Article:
Benaquist quote"Larry pitched the project to them and really went to bat for me," said Miller. "I think they were impressed that a teacher would do this for a student." With the grant in hand, Miller made The Time Machine, which got him accepted into USC. Benaquist then used the film to successfully support his effort to introduce a film production program at KSC. Miller was one of the first students to take the course, which started in 1981.

Miller earned his bachelor's degree in film production at USC in 1983, where he specialized in cinematography and screen writing. "At first I hated writing," he explained. "But then I discovered I liked the abstract part of writing – the noting down of vague ideas and reworking them until they were less vague."

After making a living rewriting scripts for different studios, Miller and his friend Lewis Abernathy, whom he met at USC, pitched their own script for DeepStar 6 to TriStar Pictures. Miller and Abernathy intended their story, which is set in an underwater base and involves an attack by an alien, to be a low-budget psychological horror film. They had raised $1 million to make the film, which Miller would shoot and Abernathy direct. It was then that the studio intervened.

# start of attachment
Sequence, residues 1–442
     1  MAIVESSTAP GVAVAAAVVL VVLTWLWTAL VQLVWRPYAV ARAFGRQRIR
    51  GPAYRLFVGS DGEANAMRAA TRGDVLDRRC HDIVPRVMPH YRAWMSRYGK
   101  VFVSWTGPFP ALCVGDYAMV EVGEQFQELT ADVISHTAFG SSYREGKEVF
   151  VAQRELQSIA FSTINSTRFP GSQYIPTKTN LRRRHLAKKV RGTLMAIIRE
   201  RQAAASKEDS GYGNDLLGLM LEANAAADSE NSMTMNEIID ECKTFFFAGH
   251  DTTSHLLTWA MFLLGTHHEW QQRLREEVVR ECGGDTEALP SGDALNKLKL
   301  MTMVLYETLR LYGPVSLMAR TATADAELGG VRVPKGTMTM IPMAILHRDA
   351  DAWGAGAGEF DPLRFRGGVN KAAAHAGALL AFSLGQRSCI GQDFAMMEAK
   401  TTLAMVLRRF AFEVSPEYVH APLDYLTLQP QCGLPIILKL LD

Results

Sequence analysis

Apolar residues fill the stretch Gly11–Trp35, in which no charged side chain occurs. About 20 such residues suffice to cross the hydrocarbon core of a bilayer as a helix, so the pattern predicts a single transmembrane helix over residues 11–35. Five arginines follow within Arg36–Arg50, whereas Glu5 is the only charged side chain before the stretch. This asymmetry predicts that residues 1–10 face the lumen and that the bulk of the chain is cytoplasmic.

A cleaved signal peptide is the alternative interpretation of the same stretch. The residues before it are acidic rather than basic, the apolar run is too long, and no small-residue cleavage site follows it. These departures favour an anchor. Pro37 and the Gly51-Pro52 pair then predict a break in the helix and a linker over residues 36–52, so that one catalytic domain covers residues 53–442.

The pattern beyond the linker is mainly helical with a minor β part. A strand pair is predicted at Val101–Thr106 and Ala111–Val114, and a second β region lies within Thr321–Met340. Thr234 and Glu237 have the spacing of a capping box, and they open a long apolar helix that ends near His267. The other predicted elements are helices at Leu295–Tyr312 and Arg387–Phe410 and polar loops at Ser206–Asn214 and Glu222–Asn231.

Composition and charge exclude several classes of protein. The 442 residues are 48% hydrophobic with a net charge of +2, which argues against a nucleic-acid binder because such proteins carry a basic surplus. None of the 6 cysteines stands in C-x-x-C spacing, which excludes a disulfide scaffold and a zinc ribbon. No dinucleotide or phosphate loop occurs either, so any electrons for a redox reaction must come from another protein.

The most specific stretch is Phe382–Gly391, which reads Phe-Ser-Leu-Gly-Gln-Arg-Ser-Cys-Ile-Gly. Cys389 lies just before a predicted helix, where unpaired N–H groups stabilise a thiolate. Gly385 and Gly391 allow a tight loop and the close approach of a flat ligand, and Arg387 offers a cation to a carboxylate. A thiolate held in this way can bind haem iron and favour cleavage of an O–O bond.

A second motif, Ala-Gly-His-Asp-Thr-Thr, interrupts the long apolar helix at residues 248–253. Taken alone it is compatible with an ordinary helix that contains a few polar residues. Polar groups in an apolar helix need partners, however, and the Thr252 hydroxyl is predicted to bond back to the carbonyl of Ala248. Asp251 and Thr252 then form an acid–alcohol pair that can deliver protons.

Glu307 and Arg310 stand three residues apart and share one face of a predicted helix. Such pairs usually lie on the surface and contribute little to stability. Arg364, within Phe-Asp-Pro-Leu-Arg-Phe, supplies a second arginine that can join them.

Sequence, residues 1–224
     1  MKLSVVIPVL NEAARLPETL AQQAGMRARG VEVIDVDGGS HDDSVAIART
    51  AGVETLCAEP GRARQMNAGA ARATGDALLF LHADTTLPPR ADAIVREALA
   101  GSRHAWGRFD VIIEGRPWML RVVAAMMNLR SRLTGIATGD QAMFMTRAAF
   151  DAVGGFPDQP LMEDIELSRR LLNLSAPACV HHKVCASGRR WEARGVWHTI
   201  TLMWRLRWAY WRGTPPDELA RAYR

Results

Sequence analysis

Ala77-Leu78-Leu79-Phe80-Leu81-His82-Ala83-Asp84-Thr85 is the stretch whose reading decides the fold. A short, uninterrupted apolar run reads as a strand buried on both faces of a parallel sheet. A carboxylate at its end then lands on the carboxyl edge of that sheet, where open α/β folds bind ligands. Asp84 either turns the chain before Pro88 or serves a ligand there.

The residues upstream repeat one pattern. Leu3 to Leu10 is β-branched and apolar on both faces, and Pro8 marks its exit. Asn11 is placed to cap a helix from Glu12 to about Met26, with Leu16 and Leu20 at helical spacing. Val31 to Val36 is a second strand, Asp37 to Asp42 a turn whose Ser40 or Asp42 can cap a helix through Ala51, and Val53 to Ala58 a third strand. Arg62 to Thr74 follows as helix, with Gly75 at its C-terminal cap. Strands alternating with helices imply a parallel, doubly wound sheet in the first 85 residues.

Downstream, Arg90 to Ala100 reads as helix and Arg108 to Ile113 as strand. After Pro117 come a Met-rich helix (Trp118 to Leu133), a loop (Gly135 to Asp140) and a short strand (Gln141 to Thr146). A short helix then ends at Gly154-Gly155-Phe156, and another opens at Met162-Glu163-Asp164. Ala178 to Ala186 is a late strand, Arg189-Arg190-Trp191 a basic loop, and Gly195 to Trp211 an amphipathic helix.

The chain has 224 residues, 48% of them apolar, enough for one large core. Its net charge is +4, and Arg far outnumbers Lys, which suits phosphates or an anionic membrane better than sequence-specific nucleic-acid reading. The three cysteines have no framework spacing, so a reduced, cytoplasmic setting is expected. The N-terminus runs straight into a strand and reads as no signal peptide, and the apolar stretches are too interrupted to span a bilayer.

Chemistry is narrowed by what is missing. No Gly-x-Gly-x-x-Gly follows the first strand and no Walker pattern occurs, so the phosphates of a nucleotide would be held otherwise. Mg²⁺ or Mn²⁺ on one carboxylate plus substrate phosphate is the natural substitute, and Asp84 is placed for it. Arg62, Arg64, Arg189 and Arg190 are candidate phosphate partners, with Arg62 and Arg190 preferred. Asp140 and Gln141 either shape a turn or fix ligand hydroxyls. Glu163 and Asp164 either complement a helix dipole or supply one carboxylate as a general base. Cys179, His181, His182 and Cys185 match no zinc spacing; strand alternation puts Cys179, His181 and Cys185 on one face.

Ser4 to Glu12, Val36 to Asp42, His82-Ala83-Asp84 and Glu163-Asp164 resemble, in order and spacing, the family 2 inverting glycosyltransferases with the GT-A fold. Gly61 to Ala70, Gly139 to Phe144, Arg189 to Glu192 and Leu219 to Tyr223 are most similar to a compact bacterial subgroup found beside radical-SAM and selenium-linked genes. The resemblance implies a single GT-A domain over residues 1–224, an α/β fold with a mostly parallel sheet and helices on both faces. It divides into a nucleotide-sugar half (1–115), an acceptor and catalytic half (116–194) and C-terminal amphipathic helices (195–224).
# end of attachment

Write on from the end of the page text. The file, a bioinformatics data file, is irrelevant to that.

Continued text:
A new director armed with a $12 million budget took the script and decided to make an action film. With pressure from the studio to get the film out, because of box office competition from sea monster movies The Abyss and Leviathan, Miller and Abernathy weren't given time to adapt their work to the new genre. Although Miller felt the script didn't work well in the action format, he enjoyed seeing the production process close up. "It was exciting to go see the sets that came to life because of our words," he said. And, Miller said, he learned an important lesson from the experience: "Never start shooting a film before the script is finished."